Pointless poems that ignite livingI read the following poem the day after I drank several bowls of dongdongju, a Korean rice wine, with friends in Insa-dong recently.
Recovering from the brew, I flicked through this collection of poems by Ko Un and settled on “A Drunkard”: I’ve never been an individual entity./ Sixty trillion cells!/ I’m a living collectivity./ I’m staggering zigzag along,/ sixty trillion cells, all drunk!
Ko Un’s poetry electrifies the mind with what the American poet Allen Ginsberg refers to as “thought-stopping Koan-like mental firecrackers” in his generous foreword to “What? 108 Zen Poems.”
In A Drunkard, the sozzled speaker is unconcerned that he is not an individual but instead mere molecular structure. He rejoices in the sheer quantity of his cells, marveling that each one is as smashed as he. Gone is all that is he thinks of as human, the drunk realizes, as he perceives in that alcohol befuddled moment the truth of his existence.
For me, the poem is not only an authentic evocation of the inebriated state, it embodies the fundamental ideas concerning Seon, or Zen, that shape Ko Un’s work in this volume.
“Seon is mind and nothing else,” writes the poet in his message of welcome to his book. “Only through the true self within the mind can we meet a radically new world, one totally different from the old; that is the goal of Seon.” Thus the drunk shrugs off his being and becomes at one with his self, the trillions of cells that buzz with the surging alcohol.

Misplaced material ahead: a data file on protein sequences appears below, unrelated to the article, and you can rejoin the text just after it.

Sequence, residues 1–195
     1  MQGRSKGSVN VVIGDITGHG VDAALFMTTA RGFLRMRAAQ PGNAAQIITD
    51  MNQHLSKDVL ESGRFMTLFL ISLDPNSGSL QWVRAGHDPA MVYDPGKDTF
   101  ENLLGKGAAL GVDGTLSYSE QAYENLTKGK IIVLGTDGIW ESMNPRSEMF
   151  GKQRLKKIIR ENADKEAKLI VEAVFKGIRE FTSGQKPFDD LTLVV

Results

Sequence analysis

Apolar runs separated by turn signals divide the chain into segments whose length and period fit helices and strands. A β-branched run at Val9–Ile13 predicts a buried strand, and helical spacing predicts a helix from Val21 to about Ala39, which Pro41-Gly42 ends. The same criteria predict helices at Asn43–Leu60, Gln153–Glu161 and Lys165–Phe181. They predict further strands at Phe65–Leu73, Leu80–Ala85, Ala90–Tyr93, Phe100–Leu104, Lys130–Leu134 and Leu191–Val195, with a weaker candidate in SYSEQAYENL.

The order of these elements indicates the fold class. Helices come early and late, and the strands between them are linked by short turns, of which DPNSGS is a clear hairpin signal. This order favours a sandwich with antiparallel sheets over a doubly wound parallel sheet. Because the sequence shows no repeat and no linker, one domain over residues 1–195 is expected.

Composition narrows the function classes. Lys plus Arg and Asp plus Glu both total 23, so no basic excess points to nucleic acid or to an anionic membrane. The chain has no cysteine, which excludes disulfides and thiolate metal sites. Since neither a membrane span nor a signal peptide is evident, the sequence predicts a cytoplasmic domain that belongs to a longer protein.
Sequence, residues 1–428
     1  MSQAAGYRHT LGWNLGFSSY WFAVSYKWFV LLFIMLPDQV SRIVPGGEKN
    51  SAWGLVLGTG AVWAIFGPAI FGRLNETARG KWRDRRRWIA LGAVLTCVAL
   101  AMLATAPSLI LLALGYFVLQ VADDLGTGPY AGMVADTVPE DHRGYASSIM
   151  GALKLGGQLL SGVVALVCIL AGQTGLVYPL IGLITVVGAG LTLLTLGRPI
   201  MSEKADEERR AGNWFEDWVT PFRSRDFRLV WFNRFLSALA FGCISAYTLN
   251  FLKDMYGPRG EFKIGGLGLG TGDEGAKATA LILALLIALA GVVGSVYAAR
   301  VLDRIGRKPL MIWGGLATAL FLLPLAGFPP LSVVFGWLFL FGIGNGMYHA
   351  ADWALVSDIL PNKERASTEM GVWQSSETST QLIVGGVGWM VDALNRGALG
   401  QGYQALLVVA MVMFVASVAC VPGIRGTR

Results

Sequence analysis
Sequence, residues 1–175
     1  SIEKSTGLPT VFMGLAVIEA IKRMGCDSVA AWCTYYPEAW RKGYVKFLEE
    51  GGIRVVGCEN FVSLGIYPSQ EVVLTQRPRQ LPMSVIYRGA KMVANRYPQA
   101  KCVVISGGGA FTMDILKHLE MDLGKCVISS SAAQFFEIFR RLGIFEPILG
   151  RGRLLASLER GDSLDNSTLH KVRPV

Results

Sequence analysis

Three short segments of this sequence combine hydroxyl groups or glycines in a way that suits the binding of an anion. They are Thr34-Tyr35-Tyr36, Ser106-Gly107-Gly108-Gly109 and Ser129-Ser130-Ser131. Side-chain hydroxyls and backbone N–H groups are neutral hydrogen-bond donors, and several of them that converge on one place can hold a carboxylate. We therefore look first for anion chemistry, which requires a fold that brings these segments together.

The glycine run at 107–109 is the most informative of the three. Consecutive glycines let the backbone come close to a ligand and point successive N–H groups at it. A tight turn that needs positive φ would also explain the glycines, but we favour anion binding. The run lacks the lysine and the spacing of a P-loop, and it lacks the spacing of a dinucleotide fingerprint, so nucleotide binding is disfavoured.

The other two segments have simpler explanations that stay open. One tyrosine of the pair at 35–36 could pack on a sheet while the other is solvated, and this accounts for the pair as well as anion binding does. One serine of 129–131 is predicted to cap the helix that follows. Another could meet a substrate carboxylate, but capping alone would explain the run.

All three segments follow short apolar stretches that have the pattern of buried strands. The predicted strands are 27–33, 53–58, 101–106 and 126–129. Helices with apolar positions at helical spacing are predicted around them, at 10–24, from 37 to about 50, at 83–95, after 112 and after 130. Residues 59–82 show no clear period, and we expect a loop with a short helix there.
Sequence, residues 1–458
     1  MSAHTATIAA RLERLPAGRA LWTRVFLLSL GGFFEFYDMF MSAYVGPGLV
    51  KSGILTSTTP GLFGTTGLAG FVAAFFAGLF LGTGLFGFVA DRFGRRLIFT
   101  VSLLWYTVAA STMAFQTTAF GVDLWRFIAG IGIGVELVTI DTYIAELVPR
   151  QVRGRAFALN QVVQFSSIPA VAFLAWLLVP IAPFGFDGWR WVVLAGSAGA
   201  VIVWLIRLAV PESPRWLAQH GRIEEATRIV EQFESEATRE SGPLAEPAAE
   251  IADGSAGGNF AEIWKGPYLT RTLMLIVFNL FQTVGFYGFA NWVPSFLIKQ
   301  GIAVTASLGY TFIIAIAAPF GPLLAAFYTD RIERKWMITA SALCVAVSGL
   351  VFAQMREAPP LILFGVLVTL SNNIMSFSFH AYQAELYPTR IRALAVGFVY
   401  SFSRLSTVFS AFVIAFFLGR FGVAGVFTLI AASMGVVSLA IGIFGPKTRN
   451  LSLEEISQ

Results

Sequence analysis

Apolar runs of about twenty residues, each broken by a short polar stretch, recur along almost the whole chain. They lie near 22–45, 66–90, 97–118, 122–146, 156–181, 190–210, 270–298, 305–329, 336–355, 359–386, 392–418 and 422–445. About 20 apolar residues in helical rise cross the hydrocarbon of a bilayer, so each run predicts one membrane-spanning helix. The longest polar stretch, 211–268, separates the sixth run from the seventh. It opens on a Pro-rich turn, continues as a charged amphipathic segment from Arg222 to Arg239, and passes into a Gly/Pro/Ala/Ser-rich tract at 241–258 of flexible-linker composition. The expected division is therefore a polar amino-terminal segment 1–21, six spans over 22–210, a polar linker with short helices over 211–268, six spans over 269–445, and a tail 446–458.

In The Path, the speaker adopts a more radical voice and rejects Nirvana, even though that is the condition that Buddhists strive for, right? Not in Ko Un’s Seon thought process. He’s going to follow his own path “over the rocky crags or under water” because the path revealed to him is “the old master’s path, the corpse’s path.”
This subversive mischievousness plays out in “A Friend” when the speaker ridicules making objects to worship: The Buddha he fashioned out of clay turned back to clay when it rained. “Pointless as the clear skies after rain,” he says.
Pointless, though, is a loaded word, and Ko Un’s poems don’t advocate negativity. The poet realizes that “emptiness is not nihilistic, that to understand emptiness is to realize the oneness of all beings,” explains Ok-koo Kang Grosjean, who championed Ko Un’s work for many years.
Ko Un’s ideas might seem irrational and inaccessible, like stories in Seon literature that present ideas such as “What is the meaning of life?” for example, to which the answer might be, “Bread.”
Absurd, perhaps, but Ko Un’s poems are intuitive. In “The Master’s Scroll,” we hear a multi-layered tale that leads us in circles: The monk Dahui of ancient Sung/ set fire to his master’s scroll/ of the Blue Cliff Records./ Well done. He did well./ Yet here’s the work in question.”
Fizz goes the firecracker.
Other poems revel in the sheer joy of living. In “Jongno Street,” he writes “As I went strolling down Jongno Street in Daegu/ I bought and drank a bottle of schnapps.” In “Mosquito,” the speaker thanks the insect for biting him: “Why, I’m really alive./ Scratch scratch.”
This volume first appeared in 1997 titled “Beyond Self,” and it has been republished this year, Ko Un’s 50th anniversary as a published poet. The collection contains extraordinary beautiful verse, illustrated with the poet’s fine brush work.
Grasp life, the poet say says, but don’t ask for too long. After all, a particle only lasts millionths of a second, he writes in “Dayfly.”
“You say a day’s too short?/ You greedy thing.”
By Michael Gibb Deputy Editor [email@example.com]